Healey schoolboy and Tony Lloyd MP call for tougher action on plastic pollution

After watching a David Attenborough documentary with his gran on the amount of plastic in the in the Pacific Ocean, 8-year-old Jack Adams felt angry and concerned about plastic pollution and the effect this is having on our wildlife. Jack wanted to make his feelings known to the Government, so his mother suggested he write to their local MP, Tony Lloyd.

In his letter to the Rochdale MP, Jack, from Healey, wrote that “91% of the plastic on the Earth is not recycled. Instead it is dumped on the Earth and in the Ocean, and the earth itself is becoming a dump.

“Animals are being harmed by the plastics, and it’s not fair. To conclude this letter, please change the food packaging to paper. Yours, Jack Adams (age 8).”

Tony Lloyd said: “I was so pleased that Jack cared enough to write to me about this, and it’s so inspiring to see young people care about the environment and the future of our planet.

Jack hands Tony his letter.jpg
8-year-old Jack, from Healey, hands his letter to Tony

“The same week I received Jack’s letter I also received an invitation from Plastic Patrol to join in with their clean-up event on the banks of Rochdale Canal. I got in touch with Jack’s parents to ask if they wanted to come along as it would be a great opportunity to meet Jack and talk about his letter.”

The following weekend, Tony met Jack with his sister Isabel and their mum Clare, at the Plastic Patrol clean up event on the banks of Rochdale Canal.

Mr Lloyd said, “The clean-up was a great success and one litter picker even found a Mars bar wrapper priced at 19p, which she shared on Twitter.” Twitter users were quick to point out that the last time a Mars bar cost 19p was in the late 1980s, which shows how long non-recyclable plastics last after use.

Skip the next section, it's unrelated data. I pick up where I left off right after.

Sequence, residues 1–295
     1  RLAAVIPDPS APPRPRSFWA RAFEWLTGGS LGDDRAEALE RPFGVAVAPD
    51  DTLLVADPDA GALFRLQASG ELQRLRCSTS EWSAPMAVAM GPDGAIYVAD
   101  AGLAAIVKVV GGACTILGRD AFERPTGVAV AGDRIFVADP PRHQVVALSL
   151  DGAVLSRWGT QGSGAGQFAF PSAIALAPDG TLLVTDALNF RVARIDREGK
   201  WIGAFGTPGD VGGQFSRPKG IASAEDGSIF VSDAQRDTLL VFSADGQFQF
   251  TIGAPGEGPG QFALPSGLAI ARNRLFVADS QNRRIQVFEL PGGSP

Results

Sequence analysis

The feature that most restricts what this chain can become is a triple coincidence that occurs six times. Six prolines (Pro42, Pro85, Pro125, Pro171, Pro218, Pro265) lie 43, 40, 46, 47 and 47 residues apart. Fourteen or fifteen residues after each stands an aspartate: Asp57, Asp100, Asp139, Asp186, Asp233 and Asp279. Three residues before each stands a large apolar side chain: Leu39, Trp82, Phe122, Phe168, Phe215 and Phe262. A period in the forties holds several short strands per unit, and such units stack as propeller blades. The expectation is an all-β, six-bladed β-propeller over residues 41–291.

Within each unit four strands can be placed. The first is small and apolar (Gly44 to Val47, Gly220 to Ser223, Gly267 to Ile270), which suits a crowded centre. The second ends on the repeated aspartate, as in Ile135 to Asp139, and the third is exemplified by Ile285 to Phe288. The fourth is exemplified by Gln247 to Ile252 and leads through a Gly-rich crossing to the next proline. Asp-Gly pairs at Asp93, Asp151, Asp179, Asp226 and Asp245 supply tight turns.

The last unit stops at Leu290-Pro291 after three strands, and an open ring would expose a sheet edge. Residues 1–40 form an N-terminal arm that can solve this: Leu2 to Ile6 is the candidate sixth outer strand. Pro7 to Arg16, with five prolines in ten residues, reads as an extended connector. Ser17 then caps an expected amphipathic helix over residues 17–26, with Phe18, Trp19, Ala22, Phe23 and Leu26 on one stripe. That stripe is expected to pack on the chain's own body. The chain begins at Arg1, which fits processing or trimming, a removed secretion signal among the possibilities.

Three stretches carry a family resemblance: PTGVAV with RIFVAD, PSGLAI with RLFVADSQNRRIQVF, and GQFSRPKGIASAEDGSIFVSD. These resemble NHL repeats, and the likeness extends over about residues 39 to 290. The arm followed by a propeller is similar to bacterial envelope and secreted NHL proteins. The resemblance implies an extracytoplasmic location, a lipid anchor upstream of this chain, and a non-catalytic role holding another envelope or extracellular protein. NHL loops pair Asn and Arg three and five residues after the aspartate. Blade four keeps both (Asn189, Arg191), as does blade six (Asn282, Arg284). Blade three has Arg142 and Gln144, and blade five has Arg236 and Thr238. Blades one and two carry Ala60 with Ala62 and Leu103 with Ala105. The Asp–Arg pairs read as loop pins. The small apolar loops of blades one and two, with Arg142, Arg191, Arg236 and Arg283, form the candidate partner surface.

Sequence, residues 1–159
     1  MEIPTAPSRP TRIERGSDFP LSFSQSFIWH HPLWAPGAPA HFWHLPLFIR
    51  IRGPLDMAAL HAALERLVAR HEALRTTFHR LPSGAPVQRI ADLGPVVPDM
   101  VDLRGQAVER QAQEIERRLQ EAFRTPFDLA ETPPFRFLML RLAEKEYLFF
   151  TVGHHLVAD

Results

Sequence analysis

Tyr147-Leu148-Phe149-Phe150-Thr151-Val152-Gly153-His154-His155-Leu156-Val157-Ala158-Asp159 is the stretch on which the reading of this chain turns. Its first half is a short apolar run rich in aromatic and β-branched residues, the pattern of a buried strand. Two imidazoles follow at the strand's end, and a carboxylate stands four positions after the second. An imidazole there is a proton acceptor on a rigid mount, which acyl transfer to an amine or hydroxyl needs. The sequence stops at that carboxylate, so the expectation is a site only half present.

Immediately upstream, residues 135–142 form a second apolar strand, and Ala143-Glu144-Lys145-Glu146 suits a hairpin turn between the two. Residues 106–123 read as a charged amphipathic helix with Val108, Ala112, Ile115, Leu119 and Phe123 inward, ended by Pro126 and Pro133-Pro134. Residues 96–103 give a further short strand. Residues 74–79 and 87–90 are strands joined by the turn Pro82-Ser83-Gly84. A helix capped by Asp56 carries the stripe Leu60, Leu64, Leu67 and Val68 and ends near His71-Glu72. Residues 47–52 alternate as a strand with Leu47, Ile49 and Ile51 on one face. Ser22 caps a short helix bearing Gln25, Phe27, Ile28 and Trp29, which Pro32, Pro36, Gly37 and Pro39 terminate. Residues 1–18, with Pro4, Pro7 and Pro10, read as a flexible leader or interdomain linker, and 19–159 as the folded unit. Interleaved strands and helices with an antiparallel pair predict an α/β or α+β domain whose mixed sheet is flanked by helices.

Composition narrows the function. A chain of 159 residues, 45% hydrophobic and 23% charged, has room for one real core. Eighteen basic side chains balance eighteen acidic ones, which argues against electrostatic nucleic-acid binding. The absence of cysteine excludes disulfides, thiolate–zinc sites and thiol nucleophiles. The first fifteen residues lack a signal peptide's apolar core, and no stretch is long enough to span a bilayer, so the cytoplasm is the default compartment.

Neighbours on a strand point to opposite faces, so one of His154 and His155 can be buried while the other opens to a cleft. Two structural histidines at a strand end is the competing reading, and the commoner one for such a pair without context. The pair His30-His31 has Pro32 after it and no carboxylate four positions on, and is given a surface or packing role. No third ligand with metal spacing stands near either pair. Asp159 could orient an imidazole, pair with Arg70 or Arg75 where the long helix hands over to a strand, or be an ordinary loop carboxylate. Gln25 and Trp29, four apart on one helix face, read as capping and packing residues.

Tony, with Jack and his sister Isabel, at the Plastic Patrol clean-up event

Following the clean-up event, Tony invited Jack and his mum, Clare, to his office to meet with Arron Dixon. Arron founded The Paper Concept, a Rochdale-based family business that makes affordable biodegradable straws, party and ecoware, to talk about how businesses can reduce the amount of single-use plastic packaging they use.

“Things that we think of as non-recyclable usually are recyclable. Stained paper is biodegradable, and will degrade in 3-4 months, so the idea that paper straws can’t be recycled simply isn’t true,” said Arron. “Recycling is not as effective as it can be, and my company makes plastic-free items using recycled kraft paper.”

Arron’s company contributed to this year’s Rochdale Food Festival, which was plastic free for the first time. All food was served in compostable sugar cane cartons or on sugar cane plates that are heat resistant and greaseproof, and used wooden cutlery. Drinks were served in 100% paper cups with paper straws, and the table linings were made from 100% kraft paper. Everything used to serve food and drinks at the festival was home compostable.

Tony with Jack and Arron from the Paper Concept
Tony and Jack with Arron Dixon, founder of The Paper Concept, a Rochdale-based family business that makes affordable biodegradable ware.

Together, they discussed Jack’s ideas on how he can locally campaign to make a change, starting with his own school in Healey by arranging litter-picking events at playtime. Jack talked about making recycling posters which could be posted around the school, and Arron offered to print Jack’s designs for free using environmentally friendly printing ink and paper.

Mr Lloyd said: “It’s the Jack Adams of today whose futures are most on the line. They are right to feel let down by the generations before them, and it’s inspiring to see him, and other children across the world, make their voices heard.

“The Centre for International Environmental Law predicts that by the year 2050, when Jack will be 39-years-old, our oceans could contain more plastic than fish. The seriousness of plastic pollution has never been more urgent.”

The Government announced that the Environment Bill will include powers to enable a deposit return scheme (DRS) for some drinks containers and to enact extended producer responsibility schemes, where producers are required to pay the total cost of disposal for their products.

Mr Lloyd said, “It is disappointing that we have to wait until 2023 for these schemes and that a 75% recycling rate will not be met before 2030. I’ve written to Theresa Villiers MP, the Minister for Environment, Food and Rural Affairs, urging her to give serious consideration to Jack’s concerns and to ask what steps she will to take to end single-use plastic.